“Port wine is red and port has four letters like left.” For five years, Mick didn’t swim out to where Grandad’s boat had gone down.
The nets on the quayside are not the wiles with which I charmed you. They’re nets. They’re not the fisherfolk’s dreamcatchers that took our ambition. They’re nets.
The dinghy bobbing on the incoming tide is not your spirit that soared when you first saw me at the party. It’s a boat. It’s not our hopes and dreams before the love tide turned. It’s a boat.
The gulls that swoop down on the flecks of foam are not poembirds. They’re gulls. They are not lyric snatchers from the frothing deep. They’re gulls.
My heart is not – my heart is not a cartoonish pink, arrow-pierced. It’s my heart. It’s not, I’m afraid, any words that you may say. It’s my heart. And yes, it’s broken, but it will mend.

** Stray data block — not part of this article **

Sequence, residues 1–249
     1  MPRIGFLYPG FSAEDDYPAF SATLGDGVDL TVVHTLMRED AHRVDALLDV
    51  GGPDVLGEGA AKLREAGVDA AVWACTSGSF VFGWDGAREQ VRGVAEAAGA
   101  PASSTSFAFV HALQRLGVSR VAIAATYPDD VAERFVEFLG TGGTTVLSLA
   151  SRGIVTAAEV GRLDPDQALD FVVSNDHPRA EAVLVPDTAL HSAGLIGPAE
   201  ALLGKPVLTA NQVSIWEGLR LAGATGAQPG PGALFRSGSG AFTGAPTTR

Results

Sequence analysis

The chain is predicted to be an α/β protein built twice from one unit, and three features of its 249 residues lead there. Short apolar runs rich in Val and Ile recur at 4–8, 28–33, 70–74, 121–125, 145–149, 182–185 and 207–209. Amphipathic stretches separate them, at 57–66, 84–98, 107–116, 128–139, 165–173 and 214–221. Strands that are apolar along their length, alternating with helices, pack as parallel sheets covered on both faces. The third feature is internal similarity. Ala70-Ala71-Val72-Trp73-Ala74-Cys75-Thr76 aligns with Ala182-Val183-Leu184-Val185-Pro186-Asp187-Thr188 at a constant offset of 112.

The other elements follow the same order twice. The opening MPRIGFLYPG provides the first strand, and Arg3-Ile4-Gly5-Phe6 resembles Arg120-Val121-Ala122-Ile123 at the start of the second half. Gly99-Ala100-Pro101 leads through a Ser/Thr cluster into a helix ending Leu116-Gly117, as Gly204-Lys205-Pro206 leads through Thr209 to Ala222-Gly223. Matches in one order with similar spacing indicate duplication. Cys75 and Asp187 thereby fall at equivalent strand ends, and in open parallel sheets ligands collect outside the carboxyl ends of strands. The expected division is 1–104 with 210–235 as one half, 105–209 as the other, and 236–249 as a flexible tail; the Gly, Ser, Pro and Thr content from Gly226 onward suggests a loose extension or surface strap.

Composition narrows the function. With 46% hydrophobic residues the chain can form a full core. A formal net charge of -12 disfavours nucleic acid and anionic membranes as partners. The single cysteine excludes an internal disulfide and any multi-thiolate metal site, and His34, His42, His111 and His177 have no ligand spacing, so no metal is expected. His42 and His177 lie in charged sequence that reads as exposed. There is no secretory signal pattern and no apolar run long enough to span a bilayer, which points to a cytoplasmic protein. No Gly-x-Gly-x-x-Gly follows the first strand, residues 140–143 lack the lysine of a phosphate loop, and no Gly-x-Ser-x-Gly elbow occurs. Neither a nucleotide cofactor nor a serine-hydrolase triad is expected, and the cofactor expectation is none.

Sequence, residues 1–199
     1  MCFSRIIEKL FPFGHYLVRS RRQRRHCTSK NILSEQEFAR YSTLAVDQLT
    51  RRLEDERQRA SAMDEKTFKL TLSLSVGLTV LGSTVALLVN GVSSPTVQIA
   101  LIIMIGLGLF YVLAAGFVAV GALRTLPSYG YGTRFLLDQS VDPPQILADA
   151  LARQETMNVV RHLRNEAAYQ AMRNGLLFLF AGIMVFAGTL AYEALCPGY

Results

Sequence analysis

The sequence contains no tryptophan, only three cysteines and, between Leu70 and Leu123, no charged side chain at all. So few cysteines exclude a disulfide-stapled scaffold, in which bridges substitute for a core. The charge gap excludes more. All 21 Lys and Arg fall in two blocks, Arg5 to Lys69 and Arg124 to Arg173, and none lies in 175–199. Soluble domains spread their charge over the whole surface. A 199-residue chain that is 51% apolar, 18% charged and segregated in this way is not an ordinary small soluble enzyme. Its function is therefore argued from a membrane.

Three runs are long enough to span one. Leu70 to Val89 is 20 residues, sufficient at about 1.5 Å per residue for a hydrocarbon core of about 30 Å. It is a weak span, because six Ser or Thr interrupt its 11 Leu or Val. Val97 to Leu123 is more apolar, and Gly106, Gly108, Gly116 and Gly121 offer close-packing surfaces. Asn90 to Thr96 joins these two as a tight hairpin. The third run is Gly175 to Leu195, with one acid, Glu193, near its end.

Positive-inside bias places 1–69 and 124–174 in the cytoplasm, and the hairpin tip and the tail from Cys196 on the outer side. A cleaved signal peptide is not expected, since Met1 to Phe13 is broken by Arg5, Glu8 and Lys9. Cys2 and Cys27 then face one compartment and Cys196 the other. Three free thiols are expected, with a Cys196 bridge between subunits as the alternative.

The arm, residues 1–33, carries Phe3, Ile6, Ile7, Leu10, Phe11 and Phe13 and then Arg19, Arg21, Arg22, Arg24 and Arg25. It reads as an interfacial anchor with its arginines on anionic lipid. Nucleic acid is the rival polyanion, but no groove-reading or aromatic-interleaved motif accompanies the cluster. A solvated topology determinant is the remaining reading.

I piled my old, dried-out dreams into the bottom of the bare wooden boat. With the strength in my shoulders I heaved it out towards the horizon and, almost casually, dropped in a match. The flames flickered higher as the boat flared into the night, dreams becoming stars, each for their moment.
Murray taught his young wife to swim so they could spend more time snorkelling and looking at the fishes. He loved it. She found diving easy, gently flippering around ten or so metres down. Later she learned to drive the boat so he knew she would be safe even if he was not there.
He shouldn’t have taught her to use the speargun, she thought, as she opened the throttle and sped towards the Albanian mountains.